“Attorneys for 20 states fighting the new federal health care law told a judge Thursday it will expand the government’s powers in dangerous and unintended ways. The states want U.S. District Judge Roger Vinson to issue a summary judgment throwing out the health care law without a full trial. They argue it violates people’s rights by forcing them to buy health insurance by 2014 or face penalties. ‘The act would leave more constitutional damage in its wake than any other statute in our history,’ David Rivkin, an attorney for the states, told Vinson.”

“Today’s hearing in Pensacola built on Monday’s ruling out of Richmond: Judge Roger Vinson is likely to hold the individual mandate unconstitutional. And such a decision would be the most significant development possible at the district court level because the Florida case involved 20 states, with more joining the lawsuit when new governors and attorneys general assume office in January. It is unprecedented for this number of states — again, soon to be a majority — to sue the federal government and it shows the singular and extreme nature of the government’s assertion of raw power here.”

“The federal government claims that forcing people to purchase health insurance regulates economic activity because everyone eventually uses health care in some form. But as Judge Hudson points out, ‘the same reasoning could apply to transportation, housing, or nutritional decisions. This broad definition of the economic activity subject to congressional regulation lacks logical limitation.’ The same reasoning would give Congress the power to force everyone to purchase a car because everyone eventually uses some form of ‘transportation.'”

“The days of calling the constitutional challenges to the Affordable Care Act ‘frivolous’ and ‘political’ are now officially over. Judge Hudson’s ruling that the individual insurance mandate is unconstitutional is a milestone in the legal process of deciding whether Congress has the power to command every person in the United States to enter into an economic relationship with a private company.”

“Today is a good day for liberty. By striking down the unprecedented requirement that Americans buy health insurance — the ‘individual mandate’ — Judge Henry Hudson vindicated the idea that ours is a government of delegated and enumerated, and thus limited, powers.”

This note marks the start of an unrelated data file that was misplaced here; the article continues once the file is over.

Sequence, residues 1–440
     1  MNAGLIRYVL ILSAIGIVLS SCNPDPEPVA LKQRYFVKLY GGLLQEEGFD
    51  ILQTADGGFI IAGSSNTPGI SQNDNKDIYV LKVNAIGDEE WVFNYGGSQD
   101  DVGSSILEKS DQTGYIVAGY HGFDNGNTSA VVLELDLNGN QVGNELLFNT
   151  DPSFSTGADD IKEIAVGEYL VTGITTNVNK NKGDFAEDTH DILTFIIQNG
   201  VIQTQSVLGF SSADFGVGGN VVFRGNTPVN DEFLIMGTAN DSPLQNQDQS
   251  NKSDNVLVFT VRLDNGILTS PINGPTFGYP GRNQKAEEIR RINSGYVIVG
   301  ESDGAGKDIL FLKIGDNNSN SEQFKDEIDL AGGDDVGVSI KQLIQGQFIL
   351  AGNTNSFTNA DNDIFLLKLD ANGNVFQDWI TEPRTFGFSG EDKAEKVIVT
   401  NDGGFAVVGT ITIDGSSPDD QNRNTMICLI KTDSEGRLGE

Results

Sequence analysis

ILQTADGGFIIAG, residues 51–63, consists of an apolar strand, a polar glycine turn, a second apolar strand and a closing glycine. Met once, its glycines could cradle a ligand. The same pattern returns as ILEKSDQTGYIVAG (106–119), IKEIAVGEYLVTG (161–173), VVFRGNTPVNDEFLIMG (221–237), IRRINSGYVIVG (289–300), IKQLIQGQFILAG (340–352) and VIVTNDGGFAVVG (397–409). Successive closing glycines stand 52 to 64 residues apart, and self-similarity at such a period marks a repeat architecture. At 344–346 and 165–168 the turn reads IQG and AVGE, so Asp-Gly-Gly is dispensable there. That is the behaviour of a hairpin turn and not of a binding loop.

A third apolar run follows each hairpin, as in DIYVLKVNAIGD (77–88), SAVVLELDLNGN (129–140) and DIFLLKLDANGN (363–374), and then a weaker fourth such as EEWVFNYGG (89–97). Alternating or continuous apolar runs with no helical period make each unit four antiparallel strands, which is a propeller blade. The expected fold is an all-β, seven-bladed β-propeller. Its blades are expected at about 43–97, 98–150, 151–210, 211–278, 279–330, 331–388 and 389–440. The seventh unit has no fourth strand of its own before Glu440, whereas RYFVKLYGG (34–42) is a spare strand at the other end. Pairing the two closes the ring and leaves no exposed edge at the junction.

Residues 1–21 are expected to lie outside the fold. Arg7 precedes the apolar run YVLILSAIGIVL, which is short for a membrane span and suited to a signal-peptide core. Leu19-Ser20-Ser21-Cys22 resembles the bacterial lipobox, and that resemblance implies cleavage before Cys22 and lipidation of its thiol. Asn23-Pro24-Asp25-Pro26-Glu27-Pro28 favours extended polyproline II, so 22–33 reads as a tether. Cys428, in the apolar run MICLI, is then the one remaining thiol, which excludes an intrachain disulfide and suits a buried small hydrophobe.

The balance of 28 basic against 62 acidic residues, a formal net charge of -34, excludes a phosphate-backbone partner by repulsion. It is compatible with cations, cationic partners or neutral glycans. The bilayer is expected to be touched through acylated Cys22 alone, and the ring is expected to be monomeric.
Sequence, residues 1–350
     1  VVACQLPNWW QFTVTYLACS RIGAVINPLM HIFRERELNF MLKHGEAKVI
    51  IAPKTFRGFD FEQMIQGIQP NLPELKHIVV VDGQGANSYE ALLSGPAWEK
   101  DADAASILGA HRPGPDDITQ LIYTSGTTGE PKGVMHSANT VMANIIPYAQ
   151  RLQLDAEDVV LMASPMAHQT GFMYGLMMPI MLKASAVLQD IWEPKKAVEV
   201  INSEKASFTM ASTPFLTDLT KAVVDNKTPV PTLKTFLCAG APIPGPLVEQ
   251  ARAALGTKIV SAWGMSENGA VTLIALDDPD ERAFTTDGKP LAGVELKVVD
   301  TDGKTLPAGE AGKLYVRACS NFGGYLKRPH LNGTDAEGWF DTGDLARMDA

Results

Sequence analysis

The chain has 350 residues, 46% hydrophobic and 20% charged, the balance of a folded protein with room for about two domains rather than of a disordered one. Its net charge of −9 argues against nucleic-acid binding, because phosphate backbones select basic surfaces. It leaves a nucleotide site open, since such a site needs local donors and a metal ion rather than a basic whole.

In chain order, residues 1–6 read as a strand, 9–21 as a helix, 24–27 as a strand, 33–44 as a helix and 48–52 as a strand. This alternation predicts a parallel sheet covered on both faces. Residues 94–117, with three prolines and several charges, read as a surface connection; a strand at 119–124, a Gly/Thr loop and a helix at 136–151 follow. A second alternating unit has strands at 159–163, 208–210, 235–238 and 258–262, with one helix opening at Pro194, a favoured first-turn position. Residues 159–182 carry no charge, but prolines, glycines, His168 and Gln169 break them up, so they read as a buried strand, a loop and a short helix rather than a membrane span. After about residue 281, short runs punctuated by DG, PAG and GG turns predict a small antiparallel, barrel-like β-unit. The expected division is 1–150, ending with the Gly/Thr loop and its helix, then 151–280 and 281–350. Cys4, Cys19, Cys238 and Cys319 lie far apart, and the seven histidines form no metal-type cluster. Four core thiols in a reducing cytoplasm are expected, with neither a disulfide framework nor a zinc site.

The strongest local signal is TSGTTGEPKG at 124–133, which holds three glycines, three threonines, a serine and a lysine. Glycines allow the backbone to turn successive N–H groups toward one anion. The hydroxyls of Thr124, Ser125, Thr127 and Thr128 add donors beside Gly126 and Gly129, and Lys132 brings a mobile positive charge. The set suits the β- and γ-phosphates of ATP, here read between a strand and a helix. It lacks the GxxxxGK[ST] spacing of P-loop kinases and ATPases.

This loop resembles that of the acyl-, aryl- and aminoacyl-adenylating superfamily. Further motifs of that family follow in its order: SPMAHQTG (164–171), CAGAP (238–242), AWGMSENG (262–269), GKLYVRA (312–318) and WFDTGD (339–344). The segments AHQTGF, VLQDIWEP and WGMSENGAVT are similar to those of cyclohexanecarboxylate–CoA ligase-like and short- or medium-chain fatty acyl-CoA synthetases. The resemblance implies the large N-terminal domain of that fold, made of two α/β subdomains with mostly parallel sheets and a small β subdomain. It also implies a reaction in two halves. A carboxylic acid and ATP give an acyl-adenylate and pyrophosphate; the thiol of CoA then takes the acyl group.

“The decision on the individual mandate handed down today by U.S. District Judge Henry Hudson in the Eastern District of Virginia makes it clear that Obamacare is on extremely shaky legal ground. That’s fitting, because it’s been on shaky political ground for well over a year now. Today’s decision — possibly joined by others in the weeks ahead — is going to strengthen the already strong perception that this law was ill-advised from the get-go and needs to be repealed to make way for a more sensible, consensus-driven program.”

“This is in one sense a debate between different ways of thinking about economics—command-and-control economics vs. market economics. But as Holder and Sebelius demonstrate today, it is also a debate between different ways of understanding American society, and the American Constitution. Their argument makes it awfully clear why it is so important to win that debate and repeal Obamacare.”

An interview with ObamaCare Watch’s Project Director Jim Capretta in which he discusses the ruling by a federal judge finding ObamaCare’s individual mandate unconstitutional.

“Yesterday, within hours of the release of this judicial ruling, Rasmussen released a new poll showing that Americans support the repeal of Obamacare by the colossal margin of 60 to 34 percent. Independents favor Obamacare’s repeal by a margin of more than 2 to 1, 62 to 28 percent. The combination of this polling and yesterday’s ruling shows that, whether the political establishment wants to believe it or not, the political and legal challenges to Obamacare are not remotely frivolous. Rather, they are deadly serious – and they are gaining steam.”

“The federal district court’s decision declaring portions of federal health care reform unconstitutional reaffirms that the federal government has limited and enumerated powers. The theories advanced by the federal government in support of the mandate were without bounds and could have justified virtually unlimited federal control of private activity. Reforming America’s health care system is important, but just like everything else, from national security to environmental protection, it must be done in a way that’s consistent with constitutional principles.”